From the remains here described, and from others found in the cemetery, for such the locality undoubtedly was, we can form some

Fig 31.

idea of the habits of the people. They were warlike, yet agricultural, hunters as well as fishermen. They killed the bear, deer, elk, beaver, raccoon, and other animals of the forest, for the remains of all are quite abundant. They ate the shell-fish of the Little Miami River, and caught fish with hooks and nets. They raised corn, as well as tobacco, in quantities. They wove matting, made fish-nets, and perhaps blankets. They ornamented themselves with necklaces of bone and shell beads, bear and beaver teeth. They dressed in skins, prepared with horn and stone implements. They painted their bodies, as cakes of paint testify. They had commercial intercourse, or some system of barter, with Lake Superior and the Gulf, or the Atlantic. They were frequently embroiled in wars with neighboring tribes. They could hardly have been far advanced in civilization, if bone implements instead of stone is any indication. They had no written language, but yet left some record of their existence in the shape of carved bones and inscribed stones. Finally, if the burial of vessels containing food for the dead be any indication, they had some idea of a future life. Much further than this in their history we can not go.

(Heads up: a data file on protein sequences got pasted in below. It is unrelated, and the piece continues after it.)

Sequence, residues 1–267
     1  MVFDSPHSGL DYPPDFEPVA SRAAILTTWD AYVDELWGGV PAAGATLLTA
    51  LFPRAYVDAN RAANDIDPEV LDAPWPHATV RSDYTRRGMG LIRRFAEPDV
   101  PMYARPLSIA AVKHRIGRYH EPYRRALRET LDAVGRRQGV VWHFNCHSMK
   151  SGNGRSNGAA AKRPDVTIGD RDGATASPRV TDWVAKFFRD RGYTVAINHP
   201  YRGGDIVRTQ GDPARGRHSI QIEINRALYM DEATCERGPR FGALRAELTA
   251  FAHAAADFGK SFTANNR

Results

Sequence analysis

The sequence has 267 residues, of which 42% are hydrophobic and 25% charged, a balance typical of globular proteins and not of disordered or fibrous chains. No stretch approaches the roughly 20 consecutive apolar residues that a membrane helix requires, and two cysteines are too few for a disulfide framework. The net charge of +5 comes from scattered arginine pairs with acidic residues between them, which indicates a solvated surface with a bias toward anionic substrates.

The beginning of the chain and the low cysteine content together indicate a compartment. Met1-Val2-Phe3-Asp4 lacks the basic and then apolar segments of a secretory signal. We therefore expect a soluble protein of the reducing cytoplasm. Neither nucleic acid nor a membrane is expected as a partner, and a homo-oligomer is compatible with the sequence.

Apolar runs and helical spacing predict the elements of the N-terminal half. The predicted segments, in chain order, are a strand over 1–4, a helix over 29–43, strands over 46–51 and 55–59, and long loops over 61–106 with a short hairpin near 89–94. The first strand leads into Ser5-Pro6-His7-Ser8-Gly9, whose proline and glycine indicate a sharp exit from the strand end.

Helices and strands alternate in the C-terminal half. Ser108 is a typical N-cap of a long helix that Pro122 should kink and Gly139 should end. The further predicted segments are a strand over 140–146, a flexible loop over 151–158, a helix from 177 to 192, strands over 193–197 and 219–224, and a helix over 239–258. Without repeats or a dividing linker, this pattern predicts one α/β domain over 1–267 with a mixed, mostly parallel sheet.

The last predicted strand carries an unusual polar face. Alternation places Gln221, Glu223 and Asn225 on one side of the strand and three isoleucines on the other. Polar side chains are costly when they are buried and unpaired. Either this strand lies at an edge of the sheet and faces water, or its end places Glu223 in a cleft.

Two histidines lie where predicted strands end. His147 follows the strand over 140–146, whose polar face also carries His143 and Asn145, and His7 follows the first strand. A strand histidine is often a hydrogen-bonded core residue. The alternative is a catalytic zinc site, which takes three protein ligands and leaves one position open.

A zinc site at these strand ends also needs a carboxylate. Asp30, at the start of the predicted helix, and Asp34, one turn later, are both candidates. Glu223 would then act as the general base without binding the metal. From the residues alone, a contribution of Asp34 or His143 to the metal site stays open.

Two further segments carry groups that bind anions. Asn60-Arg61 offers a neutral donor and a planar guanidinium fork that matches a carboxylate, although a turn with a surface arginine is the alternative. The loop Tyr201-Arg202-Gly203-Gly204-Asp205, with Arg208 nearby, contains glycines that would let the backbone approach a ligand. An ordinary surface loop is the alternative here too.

The attention of the reader has been repeatedly called to the similarity between the implements found in this "Cincinnati" cemetery and those found in the Swiss lakes. No one could claim that, because of this similarity and almost identity of forms, the two races of people ever had intercourse with each other. But the fact is interesting as showing how, in two countries, thousands of miles apart, and separated by a period of hundreds of years in time, there were made, with the same materials, the same forms of weapons and implements. The resemblance is no argument for a common origin, but simply shows that nearly the same grade of civilization may be developed spontaneously in two widely separated countries.